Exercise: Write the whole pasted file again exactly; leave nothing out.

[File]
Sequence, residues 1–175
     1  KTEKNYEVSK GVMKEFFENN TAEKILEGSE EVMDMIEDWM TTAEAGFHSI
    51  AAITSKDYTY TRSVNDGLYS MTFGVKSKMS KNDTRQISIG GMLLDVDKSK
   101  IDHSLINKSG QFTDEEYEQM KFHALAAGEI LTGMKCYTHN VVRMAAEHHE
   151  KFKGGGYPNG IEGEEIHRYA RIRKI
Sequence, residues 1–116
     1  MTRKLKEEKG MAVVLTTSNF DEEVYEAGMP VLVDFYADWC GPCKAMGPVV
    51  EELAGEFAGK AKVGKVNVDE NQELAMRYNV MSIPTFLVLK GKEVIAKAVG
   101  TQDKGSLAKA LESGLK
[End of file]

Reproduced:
Sequence, residues 1–175
     1  KTEKNYEVSK GVMKEFFENN TAEKILEGSE EVMDMIEDWM TTAEAGFHSI
    51  AAITSKDYTY TRSVNDGLYS MTFGVKSKMS KNDTRQISIG GMLLDVDKSK
   101  IDHSLINKSG QFTDEEYEQM KFHALAAGEI LTGMKCYTHN VVRMAAEHHE
   151  KFKGGGYPNG IEGEEIHRYA RIRKI
Sequence, residues 1–116
     1  MTRKLKEEKG MAVVLTTSNF DEEVYEAGMP VLVDFYADWC GPCKAMGPVV
    51  EELAGEFAGK AKVGKVNVDE NQELAMRYNV MSIPTFLVLK GKEVIAKAVG
   101  TQDKGSLAKA LESGLK